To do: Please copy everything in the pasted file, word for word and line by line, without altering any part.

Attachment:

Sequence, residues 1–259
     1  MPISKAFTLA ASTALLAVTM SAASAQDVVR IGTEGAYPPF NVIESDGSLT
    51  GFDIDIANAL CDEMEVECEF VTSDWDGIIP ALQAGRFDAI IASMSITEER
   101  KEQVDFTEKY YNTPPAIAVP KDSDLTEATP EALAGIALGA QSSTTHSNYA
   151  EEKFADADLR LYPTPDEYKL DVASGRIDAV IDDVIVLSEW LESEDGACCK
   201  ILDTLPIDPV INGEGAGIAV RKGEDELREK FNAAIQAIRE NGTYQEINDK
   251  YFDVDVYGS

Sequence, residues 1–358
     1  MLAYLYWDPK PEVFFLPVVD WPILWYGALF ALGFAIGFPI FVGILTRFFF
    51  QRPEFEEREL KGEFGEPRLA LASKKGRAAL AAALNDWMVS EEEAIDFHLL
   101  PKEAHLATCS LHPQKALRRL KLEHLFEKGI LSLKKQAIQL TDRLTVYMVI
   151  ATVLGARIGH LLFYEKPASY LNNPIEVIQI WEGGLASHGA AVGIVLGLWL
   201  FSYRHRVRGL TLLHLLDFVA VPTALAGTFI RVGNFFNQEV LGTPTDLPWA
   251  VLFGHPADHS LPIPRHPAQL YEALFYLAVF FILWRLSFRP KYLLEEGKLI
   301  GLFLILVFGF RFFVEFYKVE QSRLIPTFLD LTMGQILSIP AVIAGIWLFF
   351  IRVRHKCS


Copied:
Sequence, residues 1–259
     1  MPISKAFTLA ASTALLAVTM SAASAQDVVR IGTEGAYPPF NVIESDGSLT
    51  GFDIDIANAL CDEMEVECEF VTSDWDGIIP ALQAGRFDAI IASMSITEER
   101  KEQVDFTEKY YNTPPAIAVP KDSDLTEATP EALAGIALGA QSSTTHSNYA
   151  EEKFADADLR LYPTPDEYKL DVASGRIDAV IDDVIVLSEW LESEDGACCK
   201  ILDTLPIDPV INGEGAGIAV RKGEDELREK FNAAIQAIRE NGTYQEINDK
   251  YFDVDVYGS

Sequence, residues 1–358
     1  MLAYLYWDPK PEVFFLPVVD WPILWYGALF ALGFAIGFPI FVGILTRFFF
    51  QRPEFEEREL KGEFGEPRLA LASKKGRAAL AAALNDWMVS EEEAIDFHLL
   101  PKEAHLATCS LHPQKALRRL KLEHLFEKGI LSLKKQAIQL TDRLTVYMVI
   151  ATVLGARIGH LLFYEKPASY LNNPIEVIQI WEGGLASHGA AVGIVLGLWL
   201  FSYRHRVRGL TLLHLLDFVA VPTALAGTFI RVGNFFNQEV LGTPTDLPWA
   251  VLFGHPADHS LPIPRHPAQL YEALFYLAVF FILWRLSFRP KYLLEEGKLI
   301  GLFLILVFGF RFFVEFYKVE QSRLIPTFLD LTMGQILSIP AVIAGIWLFF
   351  IRVRHKCS